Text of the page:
If you've ever arrived on a website and been greeted by a large image or video, and some titles on top, then you've encountered the "Hero Header". It's a popular way to introduce a website, and can be a great opportunity to help people quickly understand what it is your site does.
For many visitors it'll be their first impression of your brand, so you'll want to make the most of this moment to present something that properly shows how great it is.
A hero header is the place to feature large, striking images or videos explaining the site. These look great, but there's an opportunity to take it further by bringing animation into the mix. We can use animation to add polish to that first moment when the content appears, as well as use it to control the order in which information appears and draw the eye to what matters.
Taken to the extreme we can even use this space to tell a story about what we do, like this incredible example from Stripe.
When we embed video or use animated GIF files to show animations, we add a lot of weight to the page. This makes sites take longer to load and can slow things down. This is particularly noticeable on slower connections, which is a problem many of us developers tend to forget about if we're lucky enough to be building our sites while plugged into fast broadband.
Studies have also shown that shaving seconds from the load time of sites has a great impact on the perceived quality of the site. If we make use of CSS, we can create impressive animations and movement with very little code and very little impact on the perceived speed of a website.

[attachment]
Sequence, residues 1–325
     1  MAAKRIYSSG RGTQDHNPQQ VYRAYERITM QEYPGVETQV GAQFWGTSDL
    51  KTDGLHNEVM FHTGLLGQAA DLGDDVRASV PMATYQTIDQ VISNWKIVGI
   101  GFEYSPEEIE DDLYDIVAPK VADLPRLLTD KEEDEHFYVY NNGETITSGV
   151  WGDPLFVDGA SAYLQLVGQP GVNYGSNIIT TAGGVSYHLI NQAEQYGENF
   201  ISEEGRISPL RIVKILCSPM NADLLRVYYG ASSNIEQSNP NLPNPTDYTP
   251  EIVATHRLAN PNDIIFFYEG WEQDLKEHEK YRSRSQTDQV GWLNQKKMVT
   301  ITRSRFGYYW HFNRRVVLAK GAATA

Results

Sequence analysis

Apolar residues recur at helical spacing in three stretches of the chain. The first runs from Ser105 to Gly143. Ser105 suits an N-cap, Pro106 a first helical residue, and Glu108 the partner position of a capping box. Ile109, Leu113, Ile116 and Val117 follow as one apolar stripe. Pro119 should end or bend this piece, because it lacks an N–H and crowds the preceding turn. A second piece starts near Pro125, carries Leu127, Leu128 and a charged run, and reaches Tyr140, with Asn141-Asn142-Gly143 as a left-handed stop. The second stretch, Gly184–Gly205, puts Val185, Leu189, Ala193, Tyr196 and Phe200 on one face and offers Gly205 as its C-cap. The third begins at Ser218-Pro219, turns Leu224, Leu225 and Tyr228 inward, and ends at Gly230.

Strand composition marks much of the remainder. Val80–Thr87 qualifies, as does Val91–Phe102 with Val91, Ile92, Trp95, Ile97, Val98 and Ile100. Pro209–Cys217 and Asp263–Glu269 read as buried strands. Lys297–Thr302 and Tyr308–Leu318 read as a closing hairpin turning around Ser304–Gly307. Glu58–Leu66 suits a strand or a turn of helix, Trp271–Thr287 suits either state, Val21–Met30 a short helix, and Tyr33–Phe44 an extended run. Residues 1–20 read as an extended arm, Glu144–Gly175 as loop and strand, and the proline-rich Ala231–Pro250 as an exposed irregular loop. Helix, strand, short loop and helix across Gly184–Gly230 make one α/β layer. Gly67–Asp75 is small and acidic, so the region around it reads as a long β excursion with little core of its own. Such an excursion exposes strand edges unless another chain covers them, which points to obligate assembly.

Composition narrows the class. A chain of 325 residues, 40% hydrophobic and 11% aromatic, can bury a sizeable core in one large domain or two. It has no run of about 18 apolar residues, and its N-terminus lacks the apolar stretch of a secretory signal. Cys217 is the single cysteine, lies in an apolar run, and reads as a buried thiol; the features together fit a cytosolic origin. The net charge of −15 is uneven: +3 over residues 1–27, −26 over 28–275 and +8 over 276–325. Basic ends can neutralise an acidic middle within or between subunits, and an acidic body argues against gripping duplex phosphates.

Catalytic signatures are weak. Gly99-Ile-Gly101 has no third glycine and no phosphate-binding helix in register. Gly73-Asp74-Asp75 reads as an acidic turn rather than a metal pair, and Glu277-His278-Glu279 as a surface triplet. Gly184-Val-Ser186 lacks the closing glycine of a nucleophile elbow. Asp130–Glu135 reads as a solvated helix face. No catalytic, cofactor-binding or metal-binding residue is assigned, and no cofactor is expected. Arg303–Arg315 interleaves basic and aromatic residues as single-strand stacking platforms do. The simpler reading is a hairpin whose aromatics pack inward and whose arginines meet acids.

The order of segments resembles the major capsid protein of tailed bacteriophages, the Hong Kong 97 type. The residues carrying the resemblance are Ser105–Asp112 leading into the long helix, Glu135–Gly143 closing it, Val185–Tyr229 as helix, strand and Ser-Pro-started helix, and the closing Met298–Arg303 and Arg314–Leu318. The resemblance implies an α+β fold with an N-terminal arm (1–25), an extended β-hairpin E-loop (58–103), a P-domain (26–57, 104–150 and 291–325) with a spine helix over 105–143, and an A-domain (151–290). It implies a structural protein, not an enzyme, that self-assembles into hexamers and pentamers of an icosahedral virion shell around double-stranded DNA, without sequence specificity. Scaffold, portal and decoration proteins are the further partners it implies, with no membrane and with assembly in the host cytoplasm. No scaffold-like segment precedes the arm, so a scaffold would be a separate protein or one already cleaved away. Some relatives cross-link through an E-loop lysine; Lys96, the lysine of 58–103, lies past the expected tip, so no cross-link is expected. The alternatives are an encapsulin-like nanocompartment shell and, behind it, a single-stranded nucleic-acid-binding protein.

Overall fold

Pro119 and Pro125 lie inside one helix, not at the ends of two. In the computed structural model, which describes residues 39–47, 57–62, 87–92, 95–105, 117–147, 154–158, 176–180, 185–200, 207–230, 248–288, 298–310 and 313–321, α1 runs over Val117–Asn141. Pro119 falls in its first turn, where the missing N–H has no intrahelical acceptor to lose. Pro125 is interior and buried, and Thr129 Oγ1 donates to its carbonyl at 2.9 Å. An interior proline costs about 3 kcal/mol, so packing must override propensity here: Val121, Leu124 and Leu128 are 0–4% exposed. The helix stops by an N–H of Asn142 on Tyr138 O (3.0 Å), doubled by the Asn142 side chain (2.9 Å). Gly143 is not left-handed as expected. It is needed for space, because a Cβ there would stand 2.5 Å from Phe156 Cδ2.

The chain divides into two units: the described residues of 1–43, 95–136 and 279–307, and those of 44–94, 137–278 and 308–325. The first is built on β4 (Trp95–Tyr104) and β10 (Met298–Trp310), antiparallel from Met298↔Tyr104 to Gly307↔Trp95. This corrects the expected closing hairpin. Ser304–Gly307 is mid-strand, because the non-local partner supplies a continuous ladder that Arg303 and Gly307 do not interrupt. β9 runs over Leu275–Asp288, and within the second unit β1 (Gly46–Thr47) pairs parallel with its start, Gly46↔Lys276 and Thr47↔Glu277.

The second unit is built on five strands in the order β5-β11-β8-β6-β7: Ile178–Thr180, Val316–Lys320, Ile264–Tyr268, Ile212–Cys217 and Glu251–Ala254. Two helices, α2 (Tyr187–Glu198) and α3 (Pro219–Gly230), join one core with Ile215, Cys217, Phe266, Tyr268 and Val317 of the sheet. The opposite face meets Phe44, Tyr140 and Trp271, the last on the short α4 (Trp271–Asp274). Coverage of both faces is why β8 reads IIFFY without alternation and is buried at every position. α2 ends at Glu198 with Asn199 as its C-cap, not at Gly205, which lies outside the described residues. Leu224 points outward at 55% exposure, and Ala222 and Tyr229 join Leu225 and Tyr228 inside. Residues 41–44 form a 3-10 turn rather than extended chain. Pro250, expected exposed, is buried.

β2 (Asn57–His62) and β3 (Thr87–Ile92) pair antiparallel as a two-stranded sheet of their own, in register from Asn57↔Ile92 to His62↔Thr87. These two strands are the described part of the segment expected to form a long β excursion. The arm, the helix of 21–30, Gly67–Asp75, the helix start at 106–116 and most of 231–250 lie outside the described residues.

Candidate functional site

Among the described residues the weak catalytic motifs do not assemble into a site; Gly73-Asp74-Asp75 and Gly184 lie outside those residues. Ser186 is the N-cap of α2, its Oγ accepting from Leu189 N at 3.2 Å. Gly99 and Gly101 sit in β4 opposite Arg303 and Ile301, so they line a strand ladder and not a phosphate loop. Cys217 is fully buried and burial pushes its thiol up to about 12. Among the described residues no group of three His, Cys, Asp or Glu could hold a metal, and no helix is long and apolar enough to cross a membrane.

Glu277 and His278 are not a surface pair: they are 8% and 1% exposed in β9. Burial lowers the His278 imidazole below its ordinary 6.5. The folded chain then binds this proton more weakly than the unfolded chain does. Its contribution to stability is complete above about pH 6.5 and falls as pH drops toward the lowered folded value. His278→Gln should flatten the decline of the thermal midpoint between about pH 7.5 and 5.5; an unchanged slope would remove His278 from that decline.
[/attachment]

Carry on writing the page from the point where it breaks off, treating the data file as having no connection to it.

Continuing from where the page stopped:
Browser support is also catching up. There was a time when this wasn't the case but in the last couple of years we've reached the stage where most of our visitors can benefit from CSS animation. For those that can't, we can build in fallbacks that ensure those visitors can still access our content.
In this module we're going to learn some techniques for using animations and keyframes to bring life to a static hero header. Along the way we'll see how to create and tweak our own timing functions, we'll choreograph multiple animated items on screen, as well as learn how to combine multiple animations. We'll also take a look at creating reusable keyframes, and see how we can make sure all our content has loaded before our animations begin.
Download files: You should find attached to this lesson a file called
01.zip. This contains all the code for each lesson. Feel free to use it as you wish, or type along.
Let's get going!